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# Gap Trading Basics and Two That Should Continue the Move

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Gaps occur every day to varying degrees on stocks and indices. To the stock trader, these gaps can offer enough trading opportunities to be done trading by mid-morning and many are. That being said, these gapers, depending how they have gapped, can provide additional trade setups later in the day as well as in the coming days. In this Chart of the Week, we'll review two gaps and a strategy how to have played them, use in the future and why they should continue the move.

As I mentioned, gaps occur in varying degrees. Those gaps also can be in the direction of the prior day's movement or against them. With the prior days of movement the gap can be a continuation (pro) type of gap or it can be an exhaustion (novice) type of gap. The difference is based on whether the gap occurred after some type of correction within a trend, e.g., a gap up after a pullback or a consolidation base within an uptrend. The exhaustion gap occurs after prices have been trending in one direction for a period of time and then prices gap in that direction.

All price movement reflects traders' and investors' beliefs and emotions; however, gaps can provide a shock element to price movement when the gap is against the recent price direction. Those educated and experienced trading gaps aren't shocked by continuation and exhaustion gaps, since they are expected based on the existing trend, location of support, resistance and pattern of candles. When prices gap in the opposite direction of the current pattern that partially or completely reverse the direction of the prior bar or two, it's a shock. The larger the immediate candle before the gap and the size of gap against it, the greater the shock and potential opportunity to profit. Let's look at two.

American Express (AXP) had started to move lower with a large gap down, slightly recovered, stalled and then broke lower and closed with a huge red candle that closed near the low of the day. That day also occurred with an increase in volume. The pattern was pointing toward AXP moving lower, but that didn't happen. Rather, AXP gapped up the next day more than 50% into the prior red candle's range! Gaps like this shock traders since the prior pattern did not suggest such a large move in the opposite direct. We can correctly assume that traders are short were expecting AXP to move lower based on the pattern. What do you think they are going to do if AXP doesn't immediately collapse lower? This is what sets up a "Gap and Go" type of morning for stock traders to take advantage of. If AXP can move higher above the high (red line), it should continue moving up. But let's look at the intra-day chart that day and how it setup.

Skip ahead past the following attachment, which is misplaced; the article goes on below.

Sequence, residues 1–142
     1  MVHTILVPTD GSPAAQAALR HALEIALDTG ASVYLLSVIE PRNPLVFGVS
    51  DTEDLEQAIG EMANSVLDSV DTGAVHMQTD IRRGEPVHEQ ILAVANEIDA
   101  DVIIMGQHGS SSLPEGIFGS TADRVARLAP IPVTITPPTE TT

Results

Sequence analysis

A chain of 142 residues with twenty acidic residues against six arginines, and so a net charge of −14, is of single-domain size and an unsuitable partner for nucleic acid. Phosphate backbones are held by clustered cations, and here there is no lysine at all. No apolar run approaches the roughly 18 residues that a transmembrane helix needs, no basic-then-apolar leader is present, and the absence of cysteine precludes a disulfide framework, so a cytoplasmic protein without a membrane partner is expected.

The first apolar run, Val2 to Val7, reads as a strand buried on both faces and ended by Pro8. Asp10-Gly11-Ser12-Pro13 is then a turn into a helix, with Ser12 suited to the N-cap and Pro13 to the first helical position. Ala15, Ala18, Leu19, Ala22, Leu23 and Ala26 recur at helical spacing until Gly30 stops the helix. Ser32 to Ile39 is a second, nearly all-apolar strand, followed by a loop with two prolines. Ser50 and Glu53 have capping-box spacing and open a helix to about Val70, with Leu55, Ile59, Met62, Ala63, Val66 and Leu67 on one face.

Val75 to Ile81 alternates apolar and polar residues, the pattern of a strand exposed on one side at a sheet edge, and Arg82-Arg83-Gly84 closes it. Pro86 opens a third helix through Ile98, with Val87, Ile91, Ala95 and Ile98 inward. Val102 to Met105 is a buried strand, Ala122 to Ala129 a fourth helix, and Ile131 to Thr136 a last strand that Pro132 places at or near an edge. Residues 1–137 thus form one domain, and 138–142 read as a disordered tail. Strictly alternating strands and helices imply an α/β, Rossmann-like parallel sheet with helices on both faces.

On the gap up AXP cleared its resistance area, but the gap higher also leaves a partial void of support that has the potential to be filled. For that reason, entering long immediately could result in a move lower and without a clear area to place a stop-loss. What to do? Let AXP form a price pattern signaling that buyers are stepping up and taking control again in the form a reversal pattern. These patterns can happen in many ways, but the trained trader will follow Bar by Bar and see whatever the pattern is as it unfolds. The odds are AXP will move up based on the daily shock setup.

AOL Inc. (AOL) is another example of a gap and shock. AOL was moving up toward resistance, but had closed strong the near the day's high and with an expanding range. The next day AOL gapped under that large green daily bar. What are all the traders that bought AOL that day now holding or anyone that bought in the prior two weeks? Right, losses! What would you do if you were long? Cut and run? Hope it comes back to get even? Buy more? The last two choices typically don't work out very well. No one likes losing, but it happens. Professional traders and investors have a plan that includes a stop-loss and stick to it.

A gap lower under a large daily green candle strongly signals that prices will go lower, but gaps create voids and the intra-day entry must be formed. Here I have included the15-minute chart to see why prices stalled moving higher; the resistance (supply) to the left. The 2-minute detail provides the pattern signaling the setup on the current day in alignment with the big picture.